Heavily Decorated Classrooms Disrupt Attention and Learning In Young Children

Maps, number lines, shapes, artwork and other materials tend to cover elementary classroom walls. However, too much of a good thing may end up disrupting attention and learning in young children, according to research published in Psychological Science, a journal of the Association for Psychological Science.

Psychology researchers Anna V. Fisher, Karrie E. Godwin and Howard Seltman of Carnegie Mellon University looked at whether classroom displays affected children’s ability to maintain focus during instruction and to learn the lesson content. They found that children in highly decorated classrooms were more distracted, spent more time off-task and demonstrated smaller learning gains than when the decorations were removed.

“Young children spend a lot of time — usually the whole day — in the same classroom, and we have shown that a classroom’s visual environment can affect how much children learn,” said Fisher, lead author and associate professor of psychology in the Dietrich College of Humanities and Social Sciences.

Should teachers take down their visual displays based on the findings of this study?

CMU researchers found that children in highly decorated classrooms (bottom image) were more distracted, spent more time off-task and demonstrated smaller learning gains than when the decorations were removed (top image).

CMU researchers found that children in highly decorated classrooms (bottom image) were more distracted, spent more time off-task and demonstrated smaller learning gains than when the decorations were removed (top image).

“We do not suggest by any means that this is the answer to all educational problems. Furthermore, additional research is needed to know what effect the classroom visual environment has on children’s attention and learning in real classrooms,” Fisher said.

“Therefore, I would suggest that instead of removing all decorations, teachers should consider whether some of their visual displays may be distracting to young children.”

For the study, 24 kindergarten students were placed in laboratory classrooms for six introductory science lessons on topics they were unfamiliar with.

Three lessons were taught in a heavily decorated classroom, and three lessons were given in a sparse classroom.

The results showed that while children learned in both classroom types, they learned more when the room was not heavily decorated.

Specifically, children’s accuracy on the test questions was higher in the sparse classroom (55% correct) than in the decorated classroom (42% correct).

“We were also interested in finding out if the visual displays were removed, whether the children’s attention would shift to another distraction, such as talking to their peers, and if the total amount of time they were distracted would remain the same,” said Godwin, a Ph.D. candidate in psychology and fellow of the Program in Interdisciplinary Education Research (PIER).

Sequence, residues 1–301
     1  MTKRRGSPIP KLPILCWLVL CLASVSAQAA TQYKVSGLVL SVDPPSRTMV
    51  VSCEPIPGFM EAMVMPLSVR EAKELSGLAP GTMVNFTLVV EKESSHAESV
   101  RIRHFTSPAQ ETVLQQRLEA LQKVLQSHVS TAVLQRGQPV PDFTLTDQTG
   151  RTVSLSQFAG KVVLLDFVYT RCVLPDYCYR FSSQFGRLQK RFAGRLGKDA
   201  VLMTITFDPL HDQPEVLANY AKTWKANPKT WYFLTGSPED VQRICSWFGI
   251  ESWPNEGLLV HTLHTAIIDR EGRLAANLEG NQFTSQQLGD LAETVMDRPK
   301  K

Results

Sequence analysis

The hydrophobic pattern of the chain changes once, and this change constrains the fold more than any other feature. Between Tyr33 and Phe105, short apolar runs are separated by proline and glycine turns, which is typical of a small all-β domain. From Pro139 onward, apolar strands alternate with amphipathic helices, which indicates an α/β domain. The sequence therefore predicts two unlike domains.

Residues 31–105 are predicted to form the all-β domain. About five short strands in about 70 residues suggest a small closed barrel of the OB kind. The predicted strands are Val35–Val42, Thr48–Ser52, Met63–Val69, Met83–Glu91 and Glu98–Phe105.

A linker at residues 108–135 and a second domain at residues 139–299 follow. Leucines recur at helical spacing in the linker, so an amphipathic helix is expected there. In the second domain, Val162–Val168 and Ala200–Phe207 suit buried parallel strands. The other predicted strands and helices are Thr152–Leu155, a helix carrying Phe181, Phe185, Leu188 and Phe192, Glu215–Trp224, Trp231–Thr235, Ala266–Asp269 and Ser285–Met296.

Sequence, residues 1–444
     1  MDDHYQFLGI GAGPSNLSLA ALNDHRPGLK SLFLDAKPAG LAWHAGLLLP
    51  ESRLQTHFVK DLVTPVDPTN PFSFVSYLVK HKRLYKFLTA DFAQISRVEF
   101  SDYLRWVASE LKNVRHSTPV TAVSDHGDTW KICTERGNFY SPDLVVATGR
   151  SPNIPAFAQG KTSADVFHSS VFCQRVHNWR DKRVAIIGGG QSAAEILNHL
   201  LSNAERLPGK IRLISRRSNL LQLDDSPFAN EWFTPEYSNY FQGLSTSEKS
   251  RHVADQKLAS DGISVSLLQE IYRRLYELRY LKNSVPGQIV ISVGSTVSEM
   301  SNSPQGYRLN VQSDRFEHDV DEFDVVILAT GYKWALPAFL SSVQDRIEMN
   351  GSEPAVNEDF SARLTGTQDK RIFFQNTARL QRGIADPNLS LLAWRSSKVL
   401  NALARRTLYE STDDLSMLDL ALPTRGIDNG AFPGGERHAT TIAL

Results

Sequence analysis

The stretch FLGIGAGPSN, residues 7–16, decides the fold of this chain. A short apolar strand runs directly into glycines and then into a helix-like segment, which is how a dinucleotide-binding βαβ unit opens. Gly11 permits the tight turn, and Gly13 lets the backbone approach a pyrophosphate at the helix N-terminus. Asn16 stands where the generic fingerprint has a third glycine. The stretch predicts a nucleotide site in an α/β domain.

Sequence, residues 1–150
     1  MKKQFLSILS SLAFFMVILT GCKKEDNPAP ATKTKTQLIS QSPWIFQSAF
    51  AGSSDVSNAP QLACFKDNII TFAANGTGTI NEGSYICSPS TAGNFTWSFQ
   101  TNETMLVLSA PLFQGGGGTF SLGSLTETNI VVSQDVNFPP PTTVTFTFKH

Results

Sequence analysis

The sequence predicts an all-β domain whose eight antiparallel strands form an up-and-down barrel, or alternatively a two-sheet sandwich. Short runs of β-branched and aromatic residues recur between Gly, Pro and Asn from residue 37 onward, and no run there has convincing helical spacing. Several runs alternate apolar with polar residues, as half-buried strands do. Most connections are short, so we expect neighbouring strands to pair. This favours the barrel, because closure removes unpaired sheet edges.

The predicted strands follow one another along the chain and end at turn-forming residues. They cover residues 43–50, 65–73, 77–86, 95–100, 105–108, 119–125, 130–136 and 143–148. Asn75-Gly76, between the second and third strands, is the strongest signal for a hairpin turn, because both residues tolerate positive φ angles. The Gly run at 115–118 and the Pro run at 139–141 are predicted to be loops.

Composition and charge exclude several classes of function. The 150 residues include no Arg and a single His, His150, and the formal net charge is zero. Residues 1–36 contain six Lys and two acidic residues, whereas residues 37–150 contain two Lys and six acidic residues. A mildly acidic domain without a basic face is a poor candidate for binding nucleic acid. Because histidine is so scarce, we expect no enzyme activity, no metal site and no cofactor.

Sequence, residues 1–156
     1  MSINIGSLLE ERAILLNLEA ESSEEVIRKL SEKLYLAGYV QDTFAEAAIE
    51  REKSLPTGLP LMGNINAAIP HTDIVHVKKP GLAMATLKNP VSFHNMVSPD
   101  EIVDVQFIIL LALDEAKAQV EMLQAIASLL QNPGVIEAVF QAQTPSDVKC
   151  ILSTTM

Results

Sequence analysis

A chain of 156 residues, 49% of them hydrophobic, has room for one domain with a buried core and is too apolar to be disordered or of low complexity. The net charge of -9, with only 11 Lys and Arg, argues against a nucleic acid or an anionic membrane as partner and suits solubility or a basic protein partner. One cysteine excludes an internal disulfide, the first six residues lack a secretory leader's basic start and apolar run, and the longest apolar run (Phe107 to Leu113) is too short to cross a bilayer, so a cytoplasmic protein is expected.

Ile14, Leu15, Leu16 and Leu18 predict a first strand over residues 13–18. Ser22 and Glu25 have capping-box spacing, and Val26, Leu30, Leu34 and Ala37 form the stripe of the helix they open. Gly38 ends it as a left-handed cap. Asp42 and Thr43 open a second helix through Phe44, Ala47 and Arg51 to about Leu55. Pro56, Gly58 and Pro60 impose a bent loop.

However, when the researchers tallied all of the time children spent off-task in both types of classrooms, the rate of off-task behavior was higher in the decorated classroom (38.6% time spent off-task) than in the sparse classroom (28.4% time spent off-task).

The researchers hope these findings lead to further studies into developing guidelines to help teachers optimally design classrooms.

This work was supported by Grant R305A110444 from the Department of Education, Institute of Education Sciences, and by Graduate Training Grant R305B090023, awarded to Carnegie Mellon University by the Department of Education.

To learn more, watch this interview with researchers Anna V. Fisher and Karrie E. Godwin from Carnegie Mellon University:


I have taught for many years at across a number of age ranges and also designed a number of award winning tactile resources for primary and special needs children.
I found in classrooms with posters etc on walls that if they were not changed at least half termly that they were not noticed much by children and became “wallpaper”!
If changed half termly to relevant topics – including children’s work, they were noticed and they helped learning as children “owned them” – even other classes work was of interest.
Space needs to be placed in with displays so it is not a continuous mass and not easily deciphered.
I did leave the space behind my teaching area free of items for fuller attention and learning without distractions when trying new concepts/ideas.
I also had large windows to outside in each classroom I taught in – giving good light but not too distracting for children.
So posters/ information/children’s work on some walls, an area without “clutter” to help concentration?
The learning space needs to be flexible for topics/ subject areas/ size of class – so I did have large floor space and not have “washing line” type displays across the room.
Hope this is of some use as I’m now retired after 35 years teaching full and part time and a business for 25 years – overlapping at times!!
If I can be of further use please contact me on email provided.

Comments if prek teachers prompted me to encourage them to rethink on this hype if classroom deco..

This is great! As a Montessori teacher trainer, I am so glad that this is backed up by research. We have always designed simple, minimalist environments. Relying on plants and beautiful photos of nature, soft colors, and nothing over stimulating in Montessori classrooms.

I’m curious, if you are a teacher trainer can you follow up with your program to ascertain its supporting research for a Montessori program utilizing a “minimalist environment”? It would be nice to see additional supporting research.

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